The Stove Presents: Conversations at Home

The Stove continues to advocate for the power of creative community-led work in supporting and sustainably developing our places. We are doing this by continuing conversations at home, through activity with Homegrown and Atlas Pandemica, and also as part of local, national and international networks that provide opportunities for shared learning and inform and advocate for this Creative Placemaking work.

The Stove’s Embers report defined this placemaking practice as:

“a collaborative practice that uses creative activity to connect and come together with other individuals, groups and organisations and respond to local needs with innovative solutions that focus on social wellbeing and inclusion in our communities.” 


We continue to focus on opportunities for collaboration, shared-resource, cross-sector working and locally led innovation. This month our team will be joining key partners at two major public events (see below for details) to talk about how the Creative Placemaking practice of The Stove has led to significant change in the regeneration and development of Dumfries’ High Street, helping to grow social enterprises and community initiatives for our local communities. A most notable example of this Creative Placemaking work is Midsteeple Quarter (MSQ), now a Community Benefit Society in its own right, MSQ is a community-led regeneration project for the centre of Dumfries and an exemplar of a co-creation, collaborative community and sector led approach to economic development for its place. 

Matt Baker, founding member and Stove Orchestrator, will be joining Community Land Scotland and Carnegie Trust UK for ‘Community Ownership – Shaping the Future of Our Towns’. Katharine Wheeler, Stove Partnerships and Project Development lead, will be joining the Newcastle University Engagement Team for Wor Culture: Re-thinking the High Street and the role for Arts and Culture.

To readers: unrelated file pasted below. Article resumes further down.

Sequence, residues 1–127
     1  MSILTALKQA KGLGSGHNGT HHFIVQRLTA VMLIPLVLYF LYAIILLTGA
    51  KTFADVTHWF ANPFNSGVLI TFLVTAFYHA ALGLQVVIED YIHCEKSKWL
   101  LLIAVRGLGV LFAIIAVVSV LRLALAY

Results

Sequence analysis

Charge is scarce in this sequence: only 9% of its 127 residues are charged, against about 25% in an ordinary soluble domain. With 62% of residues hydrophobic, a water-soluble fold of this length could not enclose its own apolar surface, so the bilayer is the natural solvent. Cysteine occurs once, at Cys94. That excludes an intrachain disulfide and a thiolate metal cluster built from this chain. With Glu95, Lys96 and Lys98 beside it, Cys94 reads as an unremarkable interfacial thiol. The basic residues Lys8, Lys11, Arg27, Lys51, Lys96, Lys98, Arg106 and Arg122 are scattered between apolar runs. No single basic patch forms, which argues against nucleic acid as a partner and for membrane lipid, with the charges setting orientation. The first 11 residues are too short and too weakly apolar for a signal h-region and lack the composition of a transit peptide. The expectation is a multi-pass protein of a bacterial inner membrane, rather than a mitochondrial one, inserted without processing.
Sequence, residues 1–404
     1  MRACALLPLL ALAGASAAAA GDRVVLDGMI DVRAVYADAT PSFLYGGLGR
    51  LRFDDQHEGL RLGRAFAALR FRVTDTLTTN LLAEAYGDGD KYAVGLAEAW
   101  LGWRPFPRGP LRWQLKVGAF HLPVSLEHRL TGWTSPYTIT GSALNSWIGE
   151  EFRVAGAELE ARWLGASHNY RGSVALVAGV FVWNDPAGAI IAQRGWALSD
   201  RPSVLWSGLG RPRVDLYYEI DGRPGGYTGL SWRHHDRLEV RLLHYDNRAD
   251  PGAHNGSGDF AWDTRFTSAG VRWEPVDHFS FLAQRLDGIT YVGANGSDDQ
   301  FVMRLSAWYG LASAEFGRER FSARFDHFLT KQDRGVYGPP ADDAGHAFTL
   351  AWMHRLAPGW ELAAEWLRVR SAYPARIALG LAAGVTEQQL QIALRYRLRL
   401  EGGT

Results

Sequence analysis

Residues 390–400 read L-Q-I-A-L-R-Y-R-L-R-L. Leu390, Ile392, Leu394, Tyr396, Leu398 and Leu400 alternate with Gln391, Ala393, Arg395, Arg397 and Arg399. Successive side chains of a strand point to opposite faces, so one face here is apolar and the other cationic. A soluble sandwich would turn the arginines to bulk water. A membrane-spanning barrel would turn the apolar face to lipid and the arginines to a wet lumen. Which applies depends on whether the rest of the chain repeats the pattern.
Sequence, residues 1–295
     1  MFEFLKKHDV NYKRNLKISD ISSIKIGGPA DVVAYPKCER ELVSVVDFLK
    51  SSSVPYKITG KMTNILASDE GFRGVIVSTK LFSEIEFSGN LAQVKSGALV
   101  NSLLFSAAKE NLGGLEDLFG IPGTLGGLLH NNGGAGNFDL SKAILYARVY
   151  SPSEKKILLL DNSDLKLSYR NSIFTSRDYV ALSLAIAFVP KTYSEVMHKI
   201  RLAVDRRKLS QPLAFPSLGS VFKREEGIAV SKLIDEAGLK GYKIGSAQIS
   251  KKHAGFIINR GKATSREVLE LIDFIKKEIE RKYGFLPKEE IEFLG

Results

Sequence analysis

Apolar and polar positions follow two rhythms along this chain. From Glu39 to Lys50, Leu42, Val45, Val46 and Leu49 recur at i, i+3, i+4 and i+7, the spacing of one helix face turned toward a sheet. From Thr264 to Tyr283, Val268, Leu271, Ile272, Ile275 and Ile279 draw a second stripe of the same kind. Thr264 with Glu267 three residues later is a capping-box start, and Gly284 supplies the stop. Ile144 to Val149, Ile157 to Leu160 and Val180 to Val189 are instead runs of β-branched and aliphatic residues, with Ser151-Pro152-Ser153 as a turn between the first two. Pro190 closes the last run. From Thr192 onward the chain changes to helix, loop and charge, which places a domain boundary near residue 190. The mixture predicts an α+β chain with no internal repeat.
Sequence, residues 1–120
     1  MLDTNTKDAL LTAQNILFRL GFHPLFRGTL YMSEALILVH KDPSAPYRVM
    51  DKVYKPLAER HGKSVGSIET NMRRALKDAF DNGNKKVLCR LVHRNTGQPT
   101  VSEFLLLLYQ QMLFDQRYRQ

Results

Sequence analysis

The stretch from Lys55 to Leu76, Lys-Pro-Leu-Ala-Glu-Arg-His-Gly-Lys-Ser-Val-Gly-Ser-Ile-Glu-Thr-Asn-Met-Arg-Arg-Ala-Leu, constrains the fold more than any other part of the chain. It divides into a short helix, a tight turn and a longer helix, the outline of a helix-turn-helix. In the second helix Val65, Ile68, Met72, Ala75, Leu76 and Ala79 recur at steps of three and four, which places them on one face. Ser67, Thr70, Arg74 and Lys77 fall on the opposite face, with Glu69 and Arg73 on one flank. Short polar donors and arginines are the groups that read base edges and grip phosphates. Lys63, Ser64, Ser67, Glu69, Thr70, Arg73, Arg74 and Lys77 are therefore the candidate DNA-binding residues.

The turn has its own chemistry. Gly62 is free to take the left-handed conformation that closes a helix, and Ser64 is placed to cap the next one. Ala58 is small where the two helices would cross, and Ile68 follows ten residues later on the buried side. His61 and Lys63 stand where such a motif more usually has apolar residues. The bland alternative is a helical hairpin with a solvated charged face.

Please join us:
Community Ownership – Shaping the Future of Our Towns – Tuesday 26th January 2-3.30pm

Wor Culture: Re-thinking the High Street – What Role for Arts and Culture? – Wednesday 27th January 12.30-2.00pm


Scottish Cultural Manifestos for 2021

The excellent Culture Counts organisation has just launched their Cultural Manifesto ahead of the 2021 Holyrood Election.

You can read it here

They have also started a page where they are gathering all other Cultural Manifestos being produced at this time

Particularly interesting, we think, to see ‘Place’ right at the top of the Culture Counts manifesto, given our recent experiences of connecting with different Scot Govt departments and agendas – Place looks to be a shared platform where ‘culture’ can definitely show its worth as a vital ingredient of building a healthy and inclusive society.

Musings News

Creativity and Community as Part of the National Recovery

The diagram above is The Stove’s submission to The Advisory Group for Economic Recovery for Scotland. It is just the first germ of an idea and we are sharing it now in the hope of generating further discussion with others in the Creative and Community sectors.

Download a full-size version of the diagram here

The premise is simple – our Embers report has clearly shown the pivotal role played by creative practitioners and small creative organisations to initiate and maintain momentum in placemaking projects. These may start with cultural projects, but quickly develop into new social enterprises, asset-based and environmental initiatives. In short – do some cultural pump-priming in a community setting and the payback in terms of community resilience, economic development and people’s wellbeing is incredible.